OT: 1 November 1938 – A.K. Cameron “The MacCrimmons of Borreraig”



The Oban Times, 1 November, 1938

The MacCrimmons of Borreraig

Crow Rock, Montana, U.S.A., 24 August, 1938

Sir,–Petrus, the son of a clergyman, is the oldest of the MacCrimmons on record. He was born about 1475 and went to Ulster, in Ireland, in 1510.

His sons: John (Iain Odhar), and Padruig were excellent pipers. John married a Miss MacKinnon from Skye whom he met in Ulster.

John (Iain Odhar), and his son Donald (Donald Mòr), went over to Dunvegan, Skye, with one of the MacLeods in 1548. Donald, sometime afterwards returned to Ulster to finish his studies under his uncle, Padruig, who had a college for piping there.

Therefore: Iain Odhar, Donald Mòr, Padruig Mòr, Padruig Og, (Malcolme, and Donald Bane), and Iain Dubh, were the Hereditary pipers at Borreraig. Seven pipers, but only six generations.

Therefore: ten, twelve and fourteen generations is absolutely wrong, and counting brothers and strangers as generations of MacCrimmons is misleading. In fact, “Finlay of the White Plade,” was not a MacCrimmon at all, he was Finlay Dubh McRae instead, and the composer of the “Earl of Seaforth’s Salute.”

MacCrimmon of Struan

Only five of Padruig Og’s children came to maturity: i.e., Malcome, and a daughter, by first wife, and John, Donald Bane, and Farquhar, by second wife.

Malcome succeeded his father as piper at Borreraig. Therefore, how could Peter MacCrimmon of Struan be a brother of Malcome, the hereditary piper?

Donald Donn Branch: Angus MacKay failed to put Donald Bane on record as a married man, therefore, it would be interesting to know where the Donald Donn branch of the MacCrimmons sprung from.

Borerraig Musical System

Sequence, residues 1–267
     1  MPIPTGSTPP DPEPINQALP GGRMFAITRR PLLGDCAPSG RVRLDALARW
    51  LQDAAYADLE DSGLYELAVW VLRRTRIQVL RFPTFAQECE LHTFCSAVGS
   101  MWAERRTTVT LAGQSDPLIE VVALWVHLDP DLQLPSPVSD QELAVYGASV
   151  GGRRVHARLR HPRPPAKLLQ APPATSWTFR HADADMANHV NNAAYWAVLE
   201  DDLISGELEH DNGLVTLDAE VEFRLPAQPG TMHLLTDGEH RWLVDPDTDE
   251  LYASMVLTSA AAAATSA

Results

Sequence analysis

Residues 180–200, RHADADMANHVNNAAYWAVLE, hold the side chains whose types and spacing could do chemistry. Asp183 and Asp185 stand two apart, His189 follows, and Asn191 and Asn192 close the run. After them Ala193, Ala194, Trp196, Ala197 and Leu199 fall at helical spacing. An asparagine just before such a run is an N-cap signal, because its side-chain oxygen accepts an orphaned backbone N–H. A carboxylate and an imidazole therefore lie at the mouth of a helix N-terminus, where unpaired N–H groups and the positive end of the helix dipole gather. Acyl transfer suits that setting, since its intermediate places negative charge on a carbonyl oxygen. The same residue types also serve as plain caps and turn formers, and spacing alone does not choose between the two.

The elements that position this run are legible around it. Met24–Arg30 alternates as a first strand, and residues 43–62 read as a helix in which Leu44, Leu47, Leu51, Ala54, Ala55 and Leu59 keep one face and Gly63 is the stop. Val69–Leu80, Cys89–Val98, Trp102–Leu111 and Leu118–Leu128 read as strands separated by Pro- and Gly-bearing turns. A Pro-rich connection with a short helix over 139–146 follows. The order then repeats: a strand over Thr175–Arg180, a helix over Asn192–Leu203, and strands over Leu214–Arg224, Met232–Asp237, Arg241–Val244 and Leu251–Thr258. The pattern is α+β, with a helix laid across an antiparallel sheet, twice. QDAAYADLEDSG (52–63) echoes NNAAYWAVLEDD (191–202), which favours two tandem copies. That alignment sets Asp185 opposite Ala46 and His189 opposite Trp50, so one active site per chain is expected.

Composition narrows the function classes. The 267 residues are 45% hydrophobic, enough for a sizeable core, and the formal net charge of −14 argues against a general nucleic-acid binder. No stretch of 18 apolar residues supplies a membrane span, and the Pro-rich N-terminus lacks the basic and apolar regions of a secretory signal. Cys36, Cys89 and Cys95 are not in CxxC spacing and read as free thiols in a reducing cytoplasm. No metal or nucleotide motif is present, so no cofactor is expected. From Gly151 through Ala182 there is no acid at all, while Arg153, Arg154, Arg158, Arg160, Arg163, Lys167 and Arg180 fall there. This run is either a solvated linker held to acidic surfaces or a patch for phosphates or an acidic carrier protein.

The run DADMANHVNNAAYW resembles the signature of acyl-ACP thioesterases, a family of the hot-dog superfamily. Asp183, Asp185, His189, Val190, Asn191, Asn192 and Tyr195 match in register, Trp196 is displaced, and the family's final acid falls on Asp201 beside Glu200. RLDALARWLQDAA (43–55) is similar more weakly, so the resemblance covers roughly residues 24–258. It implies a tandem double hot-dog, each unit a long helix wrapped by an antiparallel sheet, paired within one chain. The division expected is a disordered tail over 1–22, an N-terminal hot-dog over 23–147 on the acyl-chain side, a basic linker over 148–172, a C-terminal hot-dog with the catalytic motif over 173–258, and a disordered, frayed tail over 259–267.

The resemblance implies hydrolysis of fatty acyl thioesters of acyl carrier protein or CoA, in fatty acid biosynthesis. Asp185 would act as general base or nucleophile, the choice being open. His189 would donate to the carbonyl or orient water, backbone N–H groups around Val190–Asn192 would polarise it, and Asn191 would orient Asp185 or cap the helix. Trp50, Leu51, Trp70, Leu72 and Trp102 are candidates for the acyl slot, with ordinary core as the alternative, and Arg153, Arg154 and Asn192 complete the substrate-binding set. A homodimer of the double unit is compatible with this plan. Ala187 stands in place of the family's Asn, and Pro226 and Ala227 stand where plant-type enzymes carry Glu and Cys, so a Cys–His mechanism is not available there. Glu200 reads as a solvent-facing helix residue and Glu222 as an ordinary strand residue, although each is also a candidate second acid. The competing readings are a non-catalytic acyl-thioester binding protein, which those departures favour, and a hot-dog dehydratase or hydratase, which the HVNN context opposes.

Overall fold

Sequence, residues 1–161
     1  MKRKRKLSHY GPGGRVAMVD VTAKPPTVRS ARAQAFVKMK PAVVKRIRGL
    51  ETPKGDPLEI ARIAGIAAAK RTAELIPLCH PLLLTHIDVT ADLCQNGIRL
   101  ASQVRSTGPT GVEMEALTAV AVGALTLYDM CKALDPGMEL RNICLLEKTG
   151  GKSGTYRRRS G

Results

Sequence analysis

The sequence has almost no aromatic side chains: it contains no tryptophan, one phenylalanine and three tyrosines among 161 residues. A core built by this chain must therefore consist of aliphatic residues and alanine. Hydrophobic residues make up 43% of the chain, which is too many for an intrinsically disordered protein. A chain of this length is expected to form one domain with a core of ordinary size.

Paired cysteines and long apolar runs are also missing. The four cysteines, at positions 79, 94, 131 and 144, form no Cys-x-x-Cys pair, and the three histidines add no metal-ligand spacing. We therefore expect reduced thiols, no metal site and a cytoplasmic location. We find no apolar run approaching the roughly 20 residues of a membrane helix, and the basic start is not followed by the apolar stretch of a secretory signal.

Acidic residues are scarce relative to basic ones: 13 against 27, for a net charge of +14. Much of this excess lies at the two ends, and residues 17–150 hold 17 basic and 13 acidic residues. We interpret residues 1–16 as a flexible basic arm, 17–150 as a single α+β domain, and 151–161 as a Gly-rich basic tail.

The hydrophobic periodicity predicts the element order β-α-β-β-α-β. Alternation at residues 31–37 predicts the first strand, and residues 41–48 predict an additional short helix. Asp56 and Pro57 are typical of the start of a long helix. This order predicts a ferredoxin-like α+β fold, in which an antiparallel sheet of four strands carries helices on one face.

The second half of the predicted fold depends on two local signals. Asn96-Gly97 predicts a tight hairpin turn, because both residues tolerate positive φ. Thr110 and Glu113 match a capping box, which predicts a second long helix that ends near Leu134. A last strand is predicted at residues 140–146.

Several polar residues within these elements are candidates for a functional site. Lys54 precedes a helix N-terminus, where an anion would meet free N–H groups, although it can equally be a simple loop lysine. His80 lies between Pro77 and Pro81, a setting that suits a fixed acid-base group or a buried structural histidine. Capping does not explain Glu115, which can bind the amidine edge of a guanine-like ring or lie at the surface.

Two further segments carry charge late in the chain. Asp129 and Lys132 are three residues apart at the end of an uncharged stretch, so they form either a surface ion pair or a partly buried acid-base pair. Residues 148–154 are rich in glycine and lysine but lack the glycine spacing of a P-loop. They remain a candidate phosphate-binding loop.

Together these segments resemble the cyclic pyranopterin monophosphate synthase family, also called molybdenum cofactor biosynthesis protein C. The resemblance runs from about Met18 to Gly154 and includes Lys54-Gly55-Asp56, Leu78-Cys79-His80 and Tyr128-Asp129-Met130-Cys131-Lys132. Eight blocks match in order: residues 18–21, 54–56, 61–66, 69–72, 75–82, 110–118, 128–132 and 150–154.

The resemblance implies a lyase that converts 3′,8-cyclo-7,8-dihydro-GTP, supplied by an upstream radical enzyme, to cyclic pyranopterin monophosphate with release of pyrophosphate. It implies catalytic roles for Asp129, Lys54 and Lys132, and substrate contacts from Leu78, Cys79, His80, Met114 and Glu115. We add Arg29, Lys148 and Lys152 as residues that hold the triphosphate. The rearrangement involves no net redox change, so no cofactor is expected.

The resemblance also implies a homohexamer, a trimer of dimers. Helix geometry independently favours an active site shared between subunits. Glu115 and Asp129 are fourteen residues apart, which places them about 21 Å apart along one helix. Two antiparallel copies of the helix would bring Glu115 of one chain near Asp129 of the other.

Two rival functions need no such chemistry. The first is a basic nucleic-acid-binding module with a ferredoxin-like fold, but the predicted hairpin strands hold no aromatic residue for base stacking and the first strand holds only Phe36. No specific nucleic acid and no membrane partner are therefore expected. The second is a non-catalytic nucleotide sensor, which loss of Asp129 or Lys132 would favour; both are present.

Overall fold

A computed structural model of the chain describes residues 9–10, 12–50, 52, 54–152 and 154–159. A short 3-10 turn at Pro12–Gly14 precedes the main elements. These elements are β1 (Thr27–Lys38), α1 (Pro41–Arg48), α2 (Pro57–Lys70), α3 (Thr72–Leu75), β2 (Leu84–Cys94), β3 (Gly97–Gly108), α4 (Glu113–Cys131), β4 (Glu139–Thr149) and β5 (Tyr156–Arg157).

Although Mr. Poulter assumes that Captain Neil MacLeod of Gesto, and also the Frasers, obtained their knowledge of this system from the Donald Donn branch of the MacCrimmons, I cannot agree, because Captain MacLeod’s introduction to his book of verbal notation, 1828 edition, is:–

“A Collection, Piobaireachd or Pipe tunes, as verbally taught by the MacCrimmon Pipers in the Isle of Skye to their apprentices. Now published as taken from John MacCrimmon, piper to the Old Laird of MacLeod, and his grandson, the late General MacLeod of MacLeod. [“]

Iain Dubh is the Captain’s Authority and also his authority for their history: 1826.

The late Simon Fraser, Australia, in many letters to me gave Iain Dubh as his father’s authority. Iain Dubh and his father were great friends and Simon’s father often wrote tunes for Iain Dubh.

Simon’s own authorities were:–his father, Peter Bruce; and his mother: who was a daughter of Charles MacArthur.

Iain Dubh MacCrimmon was the last of the Great Hereditary pipers and the twenty tunes in “Gesto,” as he played them, proves beyond question that this is a fact, and also proves that he was greater than the MacArthurs, the Mackays, or any piper living to-day. Why? Because there is not a trace of Iain Dubh’s intricate playing in MacArthur’s or Mackay’s work, and our champions have not the slightest idea of how to start fingering a “Ho-dra-ta-ta-te-ri-ri.”

And yet it is a piobaireachd beat taken from Iain Dubh’s fingers.

I am, etc.,

A. K. Cameron

(The letter of Mr. G. C. B. Poulter, F. S. A. (Scot.), Hon. Secretary of the Clan MacCrimmon Society, appeared in the Oban Times on July 23 last).

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